The US Department of Justice said Monday it is still in talks with US Airways and American Airlines to settle competition concerns in their proposed merger.
Attorney General Eric Holder said the department remains deeply concerned about the impact of the merger, and was still ready to go to court on November 25 to block it if the two airlines are not willing to give up an adequate number of services.
"What we have tried to focus on is to make sure that any resolution in this case necessarily includes divestitures of facilities at key constrained airports throughout the United States," he told reporters.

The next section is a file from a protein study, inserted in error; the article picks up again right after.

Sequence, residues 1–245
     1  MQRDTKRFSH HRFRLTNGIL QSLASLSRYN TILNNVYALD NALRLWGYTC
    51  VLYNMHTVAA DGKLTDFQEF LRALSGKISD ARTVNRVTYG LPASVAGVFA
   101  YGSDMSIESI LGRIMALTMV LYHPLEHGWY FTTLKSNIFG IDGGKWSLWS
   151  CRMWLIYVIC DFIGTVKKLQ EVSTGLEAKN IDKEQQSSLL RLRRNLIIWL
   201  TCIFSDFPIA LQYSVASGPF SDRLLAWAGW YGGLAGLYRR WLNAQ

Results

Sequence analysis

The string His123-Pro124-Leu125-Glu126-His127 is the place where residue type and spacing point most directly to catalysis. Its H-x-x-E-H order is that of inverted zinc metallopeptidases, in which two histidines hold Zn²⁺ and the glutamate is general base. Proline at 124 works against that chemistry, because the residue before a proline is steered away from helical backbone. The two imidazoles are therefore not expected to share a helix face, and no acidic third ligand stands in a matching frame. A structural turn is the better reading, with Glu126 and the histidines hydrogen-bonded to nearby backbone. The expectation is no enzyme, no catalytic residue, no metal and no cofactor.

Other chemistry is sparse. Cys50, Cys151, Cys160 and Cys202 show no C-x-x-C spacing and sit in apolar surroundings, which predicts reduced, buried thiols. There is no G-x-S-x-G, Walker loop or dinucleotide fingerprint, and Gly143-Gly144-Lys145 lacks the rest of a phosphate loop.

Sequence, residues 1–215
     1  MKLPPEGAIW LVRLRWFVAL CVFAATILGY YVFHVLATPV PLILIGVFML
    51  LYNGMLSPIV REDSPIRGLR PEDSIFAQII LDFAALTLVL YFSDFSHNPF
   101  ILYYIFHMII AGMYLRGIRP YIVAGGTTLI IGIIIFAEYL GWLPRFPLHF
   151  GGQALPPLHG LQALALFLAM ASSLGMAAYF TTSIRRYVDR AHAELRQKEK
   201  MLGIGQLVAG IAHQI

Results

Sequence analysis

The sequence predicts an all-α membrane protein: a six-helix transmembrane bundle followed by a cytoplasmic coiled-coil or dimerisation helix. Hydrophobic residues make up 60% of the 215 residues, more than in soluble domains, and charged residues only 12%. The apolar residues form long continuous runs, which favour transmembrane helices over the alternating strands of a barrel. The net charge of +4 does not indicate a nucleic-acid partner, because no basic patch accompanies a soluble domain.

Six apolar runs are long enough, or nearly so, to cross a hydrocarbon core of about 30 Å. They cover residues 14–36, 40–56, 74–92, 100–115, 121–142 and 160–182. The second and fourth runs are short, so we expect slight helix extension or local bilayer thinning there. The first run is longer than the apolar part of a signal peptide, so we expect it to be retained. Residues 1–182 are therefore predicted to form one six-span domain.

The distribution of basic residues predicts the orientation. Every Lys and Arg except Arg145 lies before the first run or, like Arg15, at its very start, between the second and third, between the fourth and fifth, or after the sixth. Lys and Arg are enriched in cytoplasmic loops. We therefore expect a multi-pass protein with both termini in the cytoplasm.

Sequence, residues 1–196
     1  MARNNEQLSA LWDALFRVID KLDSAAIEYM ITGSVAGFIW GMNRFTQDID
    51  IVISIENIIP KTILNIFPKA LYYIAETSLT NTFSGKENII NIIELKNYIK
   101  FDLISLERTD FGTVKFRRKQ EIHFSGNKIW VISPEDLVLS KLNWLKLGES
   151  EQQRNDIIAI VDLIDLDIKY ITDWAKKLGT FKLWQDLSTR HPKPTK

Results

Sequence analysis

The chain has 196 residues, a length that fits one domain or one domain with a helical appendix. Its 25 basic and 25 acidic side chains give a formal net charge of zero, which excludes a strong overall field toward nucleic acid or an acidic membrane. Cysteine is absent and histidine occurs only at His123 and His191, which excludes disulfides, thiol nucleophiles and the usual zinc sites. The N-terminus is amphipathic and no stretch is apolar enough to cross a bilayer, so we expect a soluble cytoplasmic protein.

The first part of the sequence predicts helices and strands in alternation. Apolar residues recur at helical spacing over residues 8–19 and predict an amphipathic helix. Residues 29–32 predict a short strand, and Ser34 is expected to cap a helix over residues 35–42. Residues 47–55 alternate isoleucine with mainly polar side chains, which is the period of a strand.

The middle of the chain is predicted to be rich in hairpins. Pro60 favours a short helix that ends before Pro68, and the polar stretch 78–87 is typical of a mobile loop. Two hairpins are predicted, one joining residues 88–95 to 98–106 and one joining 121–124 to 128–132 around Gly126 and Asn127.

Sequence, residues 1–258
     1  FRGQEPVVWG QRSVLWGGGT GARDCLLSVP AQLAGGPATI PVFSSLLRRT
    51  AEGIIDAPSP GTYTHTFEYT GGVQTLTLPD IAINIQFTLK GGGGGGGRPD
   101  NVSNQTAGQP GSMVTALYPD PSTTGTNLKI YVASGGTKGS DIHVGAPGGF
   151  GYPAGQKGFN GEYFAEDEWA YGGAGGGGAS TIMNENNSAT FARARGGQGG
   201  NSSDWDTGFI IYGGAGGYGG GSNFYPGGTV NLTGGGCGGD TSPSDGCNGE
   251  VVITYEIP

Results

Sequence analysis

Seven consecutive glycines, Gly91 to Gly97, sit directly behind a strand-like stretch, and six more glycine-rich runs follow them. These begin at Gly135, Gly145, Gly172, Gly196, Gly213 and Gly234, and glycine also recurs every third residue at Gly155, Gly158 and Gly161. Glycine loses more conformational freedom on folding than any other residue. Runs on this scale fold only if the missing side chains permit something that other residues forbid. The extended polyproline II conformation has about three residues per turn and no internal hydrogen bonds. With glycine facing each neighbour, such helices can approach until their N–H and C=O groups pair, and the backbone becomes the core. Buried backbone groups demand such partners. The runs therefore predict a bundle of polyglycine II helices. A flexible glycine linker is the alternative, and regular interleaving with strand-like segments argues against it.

"We will not agree to something that does not fundamentally resolve the concerns that were expressed in the complaint, and do not substantially bring relief to consumers."
The Justice Department sued in August to block the proposed $11 billion merger, which would create the world's largest airline.
The government, and several states which joined the suit, says it would give the merged airline near-monopoly power in some routes and airports, including Reagan National Airport in Washington.
The government says the deal would lead to higher prices and fewer services for passengers.
The companies reject that view, and pushed for an early court date to prove their case. The Justice Department had sought for a hearing next March.
Holder said the government had a specific number in mind for divestitures, but declined to give any details.
If a deal on divestiture cannot be reached, he said, "We are fully prepared to take this case to trial."